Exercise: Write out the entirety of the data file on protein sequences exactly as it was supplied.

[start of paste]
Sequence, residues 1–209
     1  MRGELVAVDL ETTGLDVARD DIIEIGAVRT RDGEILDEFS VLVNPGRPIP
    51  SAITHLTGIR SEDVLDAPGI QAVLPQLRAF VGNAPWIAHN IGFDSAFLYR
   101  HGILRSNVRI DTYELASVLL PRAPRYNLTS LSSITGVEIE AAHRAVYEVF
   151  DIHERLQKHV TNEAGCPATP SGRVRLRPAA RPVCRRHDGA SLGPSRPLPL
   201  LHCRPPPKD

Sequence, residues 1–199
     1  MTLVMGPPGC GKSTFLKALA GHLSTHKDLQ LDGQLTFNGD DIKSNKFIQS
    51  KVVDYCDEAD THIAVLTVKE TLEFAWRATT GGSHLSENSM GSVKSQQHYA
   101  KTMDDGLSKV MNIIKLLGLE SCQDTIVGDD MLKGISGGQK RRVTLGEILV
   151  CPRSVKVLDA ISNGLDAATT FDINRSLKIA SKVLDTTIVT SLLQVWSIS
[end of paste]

Sequence, residues 1–209
     1  MRGELVAVDL ETTGLDVARD DIIEIGAVRT RDGEILDEFS VLVNPGRPIP
    51  SAITHLTGIR SEDVLDAPGI QAVLPQLRAF VGNAPWIAHN IGFDSAFLYR
   101  HGILRSNVRI DTYELASVLL PRAPRYNLTS LSSITGVEIE AAHRAVYEVF
   151  DIHERLQKHV TNEAGCPATP SGRVRLRPAA RPVCRRHDGA SLGPSRPLPL
   201  LHCRPPPKD

Sequence, residues 1–199
     1  MTLVMGPPGC GKSTFLKALA GHLSTHKDLQ LDGQLTFNGD DIKSNKFIQS
    51  KVVDYCDEAD THIAVLTVKE TLEFAWRATT GGSHLSENSM GSVKSQQHYA
   101  KTMDDGLSKV MNIIKLLGLE SCQDTIVGDD MLKGISGGQK RRVTLGEILV
   151  CPRSVKVLDA ISNGLDAATT FDINRSLKIA SKVLDTTIVT SLLQVWSIS